And while the crowds were not huge by coin show standards (not that one would expect them to be at an event like this), the floor was pretty full pretty much all day, with just minor ebbs during the lunch hour, and during some of the various talks and presentations going on down the hall during the afternoon.
With pretty much everyone here a serious, knowledgeable collector looking for choice material.
And they were finding quite a bit to choose from in a room filled with choice colonials, federal copper and early type of the ‘for sale’ variety interspersed with interesting coins on display, some of which would make the Smithsonian blush. Like this:
Just as interesting as the displays were the people, including many collectors I’ve known for years, but also new acquaintances, including the famous Conder101.
For those that do not know, Conder101 (not his real name but rather a nom de plume) is inarguably the world’s foremost authority on coin slab types, having published a book on the topic as well as some profusely illustrated chatroom threads identifying the various ‘generations’ of slab design. And since these efforts have done more to foster the development of rare slab collecting than anything else, I was surprised to learn that he himself “hates slabs” and collects raw coins. Hmmm.
I also met a gentleman for the first time who had been a frequent visitor to the website and who informed me that (and I quote) “Based on your Road Reports, I always figured you were a crotchety old man like that guy in the animated feature ‘Up!’ with the balloons on his house.” So that was nice.
And how’s business, you ask? Well, CRO has not set any new sales records so far, but it was pretty decent overall, with the hopes that something really good may yet happen on Saturday.
And if it does, or even if it doesn’t, I will post about it right here on Saturday AM.
May 4th: Day 3
By Saturday we had slipped into a nice routine here at the Cherry Valley Lodge, waking up early, allowing the requisite hour and a half for breakfast, getting to the bourse floor and then continuously circling the room for buying and selling opportunities all day.
Of which I found some of each at a show which turned out to be a blast socially and a solid B commercially.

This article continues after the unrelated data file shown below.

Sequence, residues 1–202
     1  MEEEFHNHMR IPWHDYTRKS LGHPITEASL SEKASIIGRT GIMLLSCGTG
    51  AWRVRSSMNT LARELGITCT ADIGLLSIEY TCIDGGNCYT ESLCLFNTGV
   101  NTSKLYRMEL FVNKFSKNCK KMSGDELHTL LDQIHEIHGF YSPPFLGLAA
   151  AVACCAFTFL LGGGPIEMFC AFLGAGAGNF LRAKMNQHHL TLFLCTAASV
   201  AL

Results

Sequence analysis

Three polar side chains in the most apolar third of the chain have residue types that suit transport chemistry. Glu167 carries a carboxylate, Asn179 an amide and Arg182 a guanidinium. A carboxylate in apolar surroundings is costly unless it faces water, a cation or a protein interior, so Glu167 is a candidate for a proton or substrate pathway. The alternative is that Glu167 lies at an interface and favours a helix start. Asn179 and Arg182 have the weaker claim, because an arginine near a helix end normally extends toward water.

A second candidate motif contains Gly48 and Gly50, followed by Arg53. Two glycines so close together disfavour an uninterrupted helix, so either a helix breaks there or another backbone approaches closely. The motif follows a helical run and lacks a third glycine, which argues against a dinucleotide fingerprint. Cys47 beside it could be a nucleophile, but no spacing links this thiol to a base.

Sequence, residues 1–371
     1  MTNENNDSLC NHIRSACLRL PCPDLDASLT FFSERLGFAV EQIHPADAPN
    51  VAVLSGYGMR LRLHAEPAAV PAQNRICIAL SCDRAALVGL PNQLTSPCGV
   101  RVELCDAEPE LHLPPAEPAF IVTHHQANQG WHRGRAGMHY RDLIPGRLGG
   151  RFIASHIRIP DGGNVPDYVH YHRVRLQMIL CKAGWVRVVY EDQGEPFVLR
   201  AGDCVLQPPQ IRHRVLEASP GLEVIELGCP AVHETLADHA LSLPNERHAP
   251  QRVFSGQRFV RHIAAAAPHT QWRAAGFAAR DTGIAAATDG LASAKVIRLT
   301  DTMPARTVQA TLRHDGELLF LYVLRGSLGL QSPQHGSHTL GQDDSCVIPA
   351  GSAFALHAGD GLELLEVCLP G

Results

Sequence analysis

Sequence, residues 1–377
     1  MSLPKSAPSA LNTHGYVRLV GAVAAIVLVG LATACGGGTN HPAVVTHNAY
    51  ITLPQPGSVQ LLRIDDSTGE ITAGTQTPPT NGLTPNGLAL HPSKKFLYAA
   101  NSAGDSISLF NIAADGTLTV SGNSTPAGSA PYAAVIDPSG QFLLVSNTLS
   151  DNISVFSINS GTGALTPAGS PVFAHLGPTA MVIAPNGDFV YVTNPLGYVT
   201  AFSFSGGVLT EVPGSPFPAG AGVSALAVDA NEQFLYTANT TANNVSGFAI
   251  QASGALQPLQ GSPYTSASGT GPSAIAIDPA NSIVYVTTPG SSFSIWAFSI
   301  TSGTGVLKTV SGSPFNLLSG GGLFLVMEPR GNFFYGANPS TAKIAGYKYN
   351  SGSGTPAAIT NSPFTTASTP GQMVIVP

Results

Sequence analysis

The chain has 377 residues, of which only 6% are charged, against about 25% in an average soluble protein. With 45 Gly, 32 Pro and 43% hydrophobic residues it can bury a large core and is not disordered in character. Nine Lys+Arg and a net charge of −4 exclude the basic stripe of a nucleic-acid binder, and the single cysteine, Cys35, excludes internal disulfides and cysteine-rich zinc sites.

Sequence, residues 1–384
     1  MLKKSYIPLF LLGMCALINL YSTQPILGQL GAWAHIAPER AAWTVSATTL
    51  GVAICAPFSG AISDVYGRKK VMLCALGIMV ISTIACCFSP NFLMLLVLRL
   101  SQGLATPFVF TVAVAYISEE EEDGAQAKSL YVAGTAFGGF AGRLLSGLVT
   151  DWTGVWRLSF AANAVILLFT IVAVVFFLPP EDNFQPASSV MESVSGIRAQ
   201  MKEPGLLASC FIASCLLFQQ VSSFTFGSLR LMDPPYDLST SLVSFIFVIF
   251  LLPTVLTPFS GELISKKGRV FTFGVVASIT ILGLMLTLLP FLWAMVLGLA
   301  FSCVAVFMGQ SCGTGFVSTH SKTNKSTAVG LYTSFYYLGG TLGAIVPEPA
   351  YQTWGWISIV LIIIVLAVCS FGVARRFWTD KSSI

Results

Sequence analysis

Though, as usual, I never know what coins will sell in what sequence at what venue. If I did, I’d have included more world coins in my smaller-than-usual-space-constrained-EAC-inventory since they seemed veeeeery popular here. Why? I don’t know for sure, but one could surmise it was the lack of direct competition in similarly high grade pieces.
So while a would-be buyer had a choice of three (3) nice Chalmers Shillings in the room in XF45, XF40 and VF30 respectively (the latter being mine), and XF Classic Head Cents seemed to be everywhere, I believe I was the only one here with (until I sold them all) some mint state Latin American gold coins and a deluxe Central American Republic 8 Reales which sold before making it to the website:
And while a couple of other potential sales / trades which seemed possible earlier in the show ultimately did not happen, the show ended on a high note with the sale of a thoroughly pondered Vermont copper just before packing up.
After which I headed out for dinner with some collector friends at one of the charming old Inns near the hotel, enjoying another wonderful meal, getting lost on the way back to the hotel, but eventually making it here just in time to say so long and see you next year at the 2014 EAC in Colorado Springs.
But not before I make a quick correction to yesterday’s RR in which I said that slab-researcher Conder101 “hates slabs“. After a subsequent discussion with him on Saturday, it would be more accurate to say that he “Really, really hates slabs”
And now I have about 2 days to refresh and recharge before zipping off to the ANA in New Orleans where I will plan to bring the entire CRO inventory with me since I will have no shortage of room to display it and, of course, I have no idea what will be most popular at that venue.